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Retailers 'cautious, but positive' about sales

By Valerie Baldowski

vbaldowski@henryherald.com

Local retailers are preparing for the transition to after-Christmas sales.

Some expect little change from the newly-concluded holiday shopping season, while others anticipate a decrease in sales receipts.

Michael Hall, a manager for J.C. Penney in the SouthPoint Mall in McDonough, said he expects sales to remain steady. "We're well-positioned. We have a lot of merchandise left," Hall said.

The specific reasons, he said, are because the store will offer post-holiday clearance sales. Hall said the gift cards shoppers purchased during the Christmas season will help stabilize sales and keep customers coming in the door. "That always makes a difference in shopping on the day after Christmas."

Generally, he added, gift cards from stores are always popular, and sales this season have shown increases from previous months.

Compared to the same period last year, Hall predicted the clearance markdowns after the holidays will be deeper. One reason is because of the slow economy, but Hall said another reason for those deeper discounts is the need to move remaining merchandise off the racks and shelves to make room for spring merchandise.

Annette O'Banion, owner of Scarlett's Retreat Day Spa in McDonough, is experiencing a 35 percent drop in sales for December. Still, she said that those figures are not as bad as they could be. "At one point, we were really worried. It was 50 percent," said O'Banion, who calculates the sales receipts daily.

Normally, the spa sees customers bringing in gift cards to redeem in January, but despite the appeal of the cards, O'Banion predicts fewer customers next month. "January, compared to the other months, is a little slower," she said.

February is expected to be more profitable, because of Valentines Day. "Our outlook is positive for 2009 ... cautious, but positive," said O'Banion.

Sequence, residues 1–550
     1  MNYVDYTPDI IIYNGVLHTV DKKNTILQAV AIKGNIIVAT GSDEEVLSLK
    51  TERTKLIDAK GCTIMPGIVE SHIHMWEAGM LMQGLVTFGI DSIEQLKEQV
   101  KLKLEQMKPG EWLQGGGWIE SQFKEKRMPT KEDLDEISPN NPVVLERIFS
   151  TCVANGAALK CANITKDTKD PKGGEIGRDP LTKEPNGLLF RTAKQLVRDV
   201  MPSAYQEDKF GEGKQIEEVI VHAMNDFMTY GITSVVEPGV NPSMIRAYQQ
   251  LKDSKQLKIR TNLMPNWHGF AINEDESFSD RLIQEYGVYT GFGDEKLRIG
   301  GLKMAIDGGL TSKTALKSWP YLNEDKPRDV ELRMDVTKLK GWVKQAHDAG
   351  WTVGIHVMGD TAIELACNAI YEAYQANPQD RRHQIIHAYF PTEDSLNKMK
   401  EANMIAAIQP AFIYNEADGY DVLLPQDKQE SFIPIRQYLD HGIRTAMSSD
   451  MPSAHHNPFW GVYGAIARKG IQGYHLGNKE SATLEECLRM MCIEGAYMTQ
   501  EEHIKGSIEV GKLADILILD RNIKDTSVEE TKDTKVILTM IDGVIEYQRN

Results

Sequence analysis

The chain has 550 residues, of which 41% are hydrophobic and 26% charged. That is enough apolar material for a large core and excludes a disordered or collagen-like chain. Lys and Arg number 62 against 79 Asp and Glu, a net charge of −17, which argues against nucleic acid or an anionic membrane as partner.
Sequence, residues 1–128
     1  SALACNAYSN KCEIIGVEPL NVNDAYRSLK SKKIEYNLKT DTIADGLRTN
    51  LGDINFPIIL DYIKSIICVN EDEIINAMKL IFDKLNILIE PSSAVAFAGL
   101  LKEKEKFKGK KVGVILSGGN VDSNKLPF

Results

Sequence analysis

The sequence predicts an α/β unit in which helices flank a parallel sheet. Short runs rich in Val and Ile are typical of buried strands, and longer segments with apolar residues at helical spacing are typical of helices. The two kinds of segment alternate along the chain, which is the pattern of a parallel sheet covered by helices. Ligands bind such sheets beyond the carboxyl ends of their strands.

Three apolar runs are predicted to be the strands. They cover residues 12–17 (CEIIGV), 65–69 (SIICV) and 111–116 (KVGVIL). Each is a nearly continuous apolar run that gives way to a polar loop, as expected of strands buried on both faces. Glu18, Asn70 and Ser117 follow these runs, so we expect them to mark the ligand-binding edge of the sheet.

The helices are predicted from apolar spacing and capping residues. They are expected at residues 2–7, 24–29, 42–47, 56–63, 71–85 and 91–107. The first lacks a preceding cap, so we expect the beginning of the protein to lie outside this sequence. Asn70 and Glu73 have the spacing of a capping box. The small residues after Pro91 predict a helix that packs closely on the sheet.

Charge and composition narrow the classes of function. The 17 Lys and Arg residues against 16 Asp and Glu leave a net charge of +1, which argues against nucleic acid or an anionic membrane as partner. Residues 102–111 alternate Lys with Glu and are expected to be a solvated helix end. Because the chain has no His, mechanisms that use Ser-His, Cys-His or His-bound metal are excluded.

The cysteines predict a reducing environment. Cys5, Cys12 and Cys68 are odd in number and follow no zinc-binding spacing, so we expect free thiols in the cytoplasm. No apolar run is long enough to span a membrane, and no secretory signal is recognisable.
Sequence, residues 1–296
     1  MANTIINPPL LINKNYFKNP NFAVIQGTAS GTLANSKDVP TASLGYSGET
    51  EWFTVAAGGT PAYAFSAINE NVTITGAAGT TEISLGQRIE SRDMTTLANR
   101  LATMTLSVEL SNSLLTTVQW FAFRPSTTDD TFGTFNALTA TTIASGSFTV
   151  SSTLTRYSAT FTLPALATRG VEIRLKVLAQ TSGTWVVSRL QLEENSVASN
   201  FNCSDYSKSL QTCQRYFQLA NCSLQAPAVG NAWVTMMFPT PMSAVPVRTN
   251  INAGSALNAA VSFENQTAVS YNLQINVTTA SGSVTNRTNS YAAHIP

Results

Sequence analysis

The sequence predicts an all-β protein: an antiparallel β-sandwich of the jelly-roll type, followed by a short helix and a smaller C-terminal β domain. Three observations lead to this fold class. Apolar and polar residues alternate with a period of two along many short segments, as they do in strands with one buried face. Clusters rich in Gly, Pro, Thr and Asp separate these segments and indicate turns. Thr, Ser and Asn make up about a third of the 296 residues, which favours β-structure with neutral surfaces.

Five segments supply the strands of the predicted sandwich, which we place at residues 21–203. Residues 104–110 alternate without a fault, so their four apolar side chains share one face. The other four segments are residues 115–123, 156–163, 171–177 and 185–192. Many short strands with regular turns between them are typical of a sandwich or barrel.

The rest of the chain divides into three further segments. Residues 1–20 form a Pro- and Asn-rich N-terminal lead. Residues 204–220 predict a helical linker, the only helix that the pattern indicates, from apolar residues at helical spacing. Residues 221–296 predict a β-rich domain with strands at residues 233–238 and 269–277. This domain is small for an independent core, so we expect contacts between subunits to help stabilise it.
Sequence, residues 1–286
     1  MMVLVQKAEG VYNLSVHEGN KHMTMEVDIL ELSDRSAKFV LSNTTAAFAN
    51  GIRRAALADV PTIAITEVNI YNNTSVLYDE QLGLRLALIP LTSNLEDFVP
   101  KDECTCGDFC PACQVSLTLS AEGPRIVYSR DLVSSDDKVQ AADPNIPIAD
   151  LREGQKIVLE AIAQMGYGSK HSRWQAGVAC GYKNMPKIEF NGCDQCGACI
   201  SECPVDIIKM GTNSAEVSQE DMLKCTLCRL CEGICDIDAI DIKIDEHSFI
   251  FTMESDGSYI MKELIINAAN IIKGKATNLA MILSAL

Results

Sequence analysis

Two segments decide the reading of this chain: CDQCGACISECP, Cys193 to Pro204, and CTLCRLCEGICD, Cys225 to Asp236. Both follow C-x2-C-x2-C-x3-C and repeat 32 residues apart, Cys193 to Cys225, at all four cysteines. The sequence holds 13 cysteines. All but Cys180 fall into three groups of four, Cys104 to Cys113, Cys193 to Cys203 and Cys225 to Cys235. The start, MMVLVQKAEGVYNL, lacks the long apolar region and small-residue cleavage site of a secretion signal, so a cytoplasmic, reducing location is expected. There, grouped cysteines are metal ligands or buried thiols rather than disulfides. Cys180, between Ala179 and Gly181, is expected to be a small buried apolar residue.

Some of the services Scarlett's Retreat offers include, massages, pedicures, manicures and facials. The spa focuses on treatment of the total body and skin. However, many consider spa services a luxury, and not necessarily a part of a core health plan.

In the past 10 years, O'Banion explained, the spa industry, in general, has seen growth of between 25 percent to 35 percent each year. But despite that growth, this year's economy has forced customers to cut back on some services they consider nonessential.

In an effort to continue drawing in customers, Scarlett's Retreat has not raised prices in two years. The business also gives one-hour massages, she continued, compared to other spas that give only 50-minute massages.

Linda Moffenbier, an employee with Secret Garden in McDonough, also predicted slower sales in January. One of the ways to counteract that, she said, will be the store's after-Christmas sale, which runs from Dec. 26 until the selected merchandise sells out.

The store sells home decor and gift-shop items, and Moffenbier said, it also carries the Vera Bradley brand of quilted purses. As a strategy to attract more shoppers, the store will send out invitations to certain, select customers after the holidays, with the announcement that those purses are available. "We always have a Vera Bradley Premier."